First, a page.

Autism spectrum disorder

ASD is a complex neurodevelopmental condition caused by interactions of environmental and genetic factors. Recently, maternal viral infections during pregnancy and their immunological consequences have received particular interest in research as risk factors for neurodevelopmental disorders.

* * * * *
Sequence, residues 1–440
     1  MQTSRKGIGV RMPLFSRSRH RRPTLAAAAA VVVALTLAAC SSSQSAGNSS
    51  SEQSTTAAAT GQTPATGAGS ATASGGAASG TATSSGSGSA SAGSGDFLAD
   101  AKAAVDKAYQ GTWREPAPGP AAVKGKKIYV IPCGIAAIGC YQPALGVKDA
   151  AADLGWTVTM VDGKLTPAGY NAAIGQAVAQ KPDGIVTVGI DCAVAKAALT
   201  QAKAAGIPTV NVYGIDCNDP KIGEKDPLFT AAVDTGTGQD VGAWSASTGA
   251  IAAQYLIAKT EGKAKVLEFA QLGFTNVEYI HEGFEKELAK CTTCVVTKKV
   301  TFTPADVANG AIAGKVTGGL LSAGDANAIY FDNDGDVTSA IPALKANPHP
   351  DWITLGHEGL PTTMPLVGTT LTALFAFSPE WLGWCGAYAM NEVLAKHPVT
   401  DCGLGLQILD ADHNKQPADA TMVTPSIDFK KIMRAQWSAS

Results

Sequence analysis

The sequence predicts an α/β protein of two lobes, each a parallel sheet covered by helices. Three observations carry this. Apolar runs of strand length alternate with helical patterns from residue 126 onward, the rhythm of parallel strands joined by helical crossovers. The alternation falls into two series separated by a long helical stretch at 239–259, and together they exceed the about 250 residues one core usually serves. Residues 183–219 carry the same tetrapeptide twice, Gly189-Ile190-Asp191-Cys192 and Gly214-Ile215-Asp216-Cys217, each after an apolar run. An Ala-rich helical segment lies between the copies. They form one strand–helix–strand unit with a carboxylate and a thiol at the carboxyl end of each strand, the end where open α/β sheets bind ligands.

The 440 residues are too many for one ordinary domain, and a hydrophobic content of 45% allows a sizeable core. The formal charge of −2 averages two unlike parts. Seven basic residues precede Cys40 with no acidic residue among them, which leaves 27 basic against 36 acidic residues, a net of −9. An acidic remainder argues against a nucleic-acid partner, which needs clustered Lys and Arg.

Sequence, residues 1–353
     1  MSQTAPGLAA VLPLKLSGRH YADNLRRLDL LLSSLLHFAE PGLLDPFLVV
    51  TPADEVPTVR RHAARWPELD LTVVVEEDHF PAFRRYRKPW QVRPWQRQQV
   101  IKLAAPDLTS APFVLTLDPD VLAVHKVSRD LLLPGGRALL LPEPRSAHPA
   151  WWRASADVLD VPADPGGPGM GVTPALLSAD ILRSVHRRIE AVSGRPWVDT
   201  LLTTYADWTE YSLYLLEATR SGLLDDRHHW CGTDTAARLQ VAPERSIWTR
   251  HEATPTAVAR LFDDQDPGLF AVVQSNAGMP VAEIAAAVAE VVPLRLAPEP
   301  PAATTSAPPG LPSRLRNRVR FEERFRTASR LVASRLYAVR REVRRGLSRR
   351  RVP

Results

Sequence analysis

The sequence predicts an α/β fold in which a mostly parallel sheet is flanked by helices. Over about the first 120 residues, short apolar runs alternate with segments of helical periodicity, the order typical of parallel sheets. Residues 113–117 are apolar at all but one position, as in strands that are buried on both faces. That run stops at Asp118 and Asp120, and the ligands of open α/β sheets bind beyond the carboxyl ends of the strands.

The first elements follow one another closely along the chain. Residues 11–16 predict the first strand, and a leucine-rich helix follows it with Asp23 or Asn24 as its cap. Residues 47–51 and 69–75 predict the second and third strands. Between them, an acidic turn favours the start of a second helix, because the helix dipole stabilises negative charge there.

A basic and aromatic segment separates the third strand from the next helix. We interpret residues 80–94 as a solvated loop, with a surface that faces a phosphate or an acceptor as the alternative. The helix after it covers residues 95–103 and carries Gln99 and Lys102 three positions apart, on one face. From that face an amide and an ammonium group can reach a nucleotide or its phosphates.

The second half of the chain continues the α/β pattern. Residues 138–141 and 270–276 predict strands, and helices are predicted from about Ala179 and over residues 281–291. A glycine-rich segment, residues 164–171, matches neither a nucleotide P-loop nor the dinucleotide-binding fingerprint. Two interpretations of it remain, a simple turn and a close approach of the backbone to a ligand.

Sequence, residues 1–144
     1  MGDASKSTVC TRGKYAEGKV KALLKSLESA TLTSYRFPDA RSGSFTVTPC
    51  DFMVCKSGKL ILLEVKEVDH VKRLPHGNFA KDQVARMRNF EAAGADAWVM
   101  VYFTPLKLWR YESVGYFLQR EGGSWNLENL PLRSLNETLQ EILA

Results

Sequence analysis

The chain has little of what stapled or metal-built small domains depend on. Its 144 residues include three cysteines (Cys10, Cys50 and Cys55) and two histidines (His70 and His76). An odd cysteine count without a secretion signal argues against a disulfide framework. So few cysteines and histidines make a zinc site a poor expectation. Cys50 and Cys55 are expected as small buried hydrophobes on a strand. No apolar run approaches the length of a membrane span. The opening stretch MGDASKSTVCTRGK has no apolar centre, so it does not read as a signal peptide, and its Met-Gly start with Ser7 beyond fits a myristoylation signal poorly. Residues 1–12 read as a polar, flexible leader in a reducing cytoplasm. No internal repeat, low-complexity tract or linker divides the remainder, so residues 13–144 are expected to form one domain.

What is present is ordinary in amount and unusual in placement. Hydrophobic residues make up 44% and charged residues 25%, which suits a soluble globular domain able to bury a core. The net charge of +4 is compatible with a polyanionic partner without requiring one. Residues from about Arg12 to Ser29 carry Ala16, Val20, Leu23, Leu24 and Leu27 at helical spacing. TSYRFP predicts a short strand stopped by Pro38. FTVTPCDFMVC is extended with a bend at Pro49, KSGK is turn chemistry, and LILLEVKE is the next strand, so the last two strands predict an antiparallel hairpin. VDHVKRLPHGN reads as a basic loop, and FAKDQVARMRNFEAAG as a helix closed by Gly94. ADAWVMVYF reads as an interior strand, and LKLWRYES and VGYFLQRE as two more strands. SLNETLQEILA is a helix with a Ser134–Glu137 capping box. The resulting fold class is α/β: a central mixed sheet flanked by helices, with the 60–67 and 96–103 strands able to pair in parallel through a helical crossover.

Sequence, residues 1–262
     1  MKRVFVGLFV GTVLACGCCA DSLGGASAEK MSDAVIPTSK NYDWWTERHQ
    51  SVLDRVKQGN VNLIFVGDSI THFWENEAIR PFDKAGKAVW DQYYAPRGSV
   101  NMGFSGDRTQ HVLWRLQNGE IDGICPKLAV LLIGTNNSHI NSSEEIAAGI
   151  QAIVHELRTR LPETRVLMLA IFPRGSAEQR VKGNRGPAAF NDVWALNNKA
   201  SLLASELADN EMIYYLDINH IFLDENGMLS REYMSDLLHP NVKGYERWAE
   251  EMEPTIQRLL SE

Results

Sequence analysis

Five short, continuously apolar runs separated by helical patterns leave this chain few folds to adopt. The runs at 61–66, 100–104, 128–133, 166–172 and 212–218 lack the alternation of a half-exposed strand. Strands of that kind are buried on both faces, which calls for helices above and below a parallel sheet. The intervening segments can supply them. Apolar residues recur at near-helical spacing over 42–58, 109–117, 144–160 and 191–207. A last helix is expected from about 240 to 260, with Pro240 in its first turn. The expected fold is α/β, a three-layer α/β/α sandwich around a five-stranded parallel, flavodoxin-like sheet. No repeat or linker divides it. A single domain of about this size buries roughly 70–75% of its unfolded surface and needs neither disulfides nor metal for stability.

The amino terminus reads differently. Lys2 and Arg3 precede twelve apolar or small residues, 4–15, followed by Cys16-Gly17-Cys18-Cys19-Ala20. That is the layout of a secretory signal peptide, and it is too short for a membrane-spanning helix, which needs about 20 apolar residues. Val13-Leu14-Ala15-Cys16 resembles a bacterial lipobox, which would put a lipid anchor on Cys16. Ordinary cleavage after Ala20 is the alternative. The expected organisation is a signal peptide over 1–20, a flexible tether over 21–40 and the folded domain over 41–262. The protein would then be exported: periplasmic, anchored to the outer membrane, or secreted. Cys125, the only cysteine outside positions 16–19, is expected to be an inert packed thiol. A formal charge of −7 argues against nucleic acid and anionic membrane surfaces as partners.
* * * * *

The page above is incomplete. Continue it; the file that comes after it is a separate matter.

Previously we showed that activation of the purinergic P2X7 has a role in the conversion of maternal immune activation (MIA) to ASD-like features in offspring mice. Our aim was to further substantiate these findings and identify downstream signaling pathways coupled to P2X7 upon MIA. Maternal treatment with the NLRP3 antagonist MCC950 and a neutralizing IL-1β antibody during pregnancy counteracted the development of autistic characteristics in offspring mice. We also explored time-dependent changes of a widespread cytokine and chemokine profile in maternal blood and fetal brain samples of poly(I:C)/saline-treated dams. MIA-induced increases in plasma IL-1β, RANTES, MCP-1, and fetal brain IL-1β, IL-2, IL-6, and MCP-1 concentrations have been shown to be the effect of P2X7/NLRP3 regulation. Offspring treatment with the selective P2X7 receptor antagonist JNJ47965567 was effective in the prevention of autism-like behavior in mice using a repeated dosing protocol. Our results highlight that in addition to P2X7, NLRP3, as well as inflammatory cytokines, may also be potential biomarkers and therapeutic targets of repetitive behavioral and social deficits observed in autism spectrum disorder. In the future, we plan to gain a better understanding of the signaling mechanisms, as well as the pathomechanism of sex differences in the development of such pervasive disorders and to identify new potential aetiological factors.

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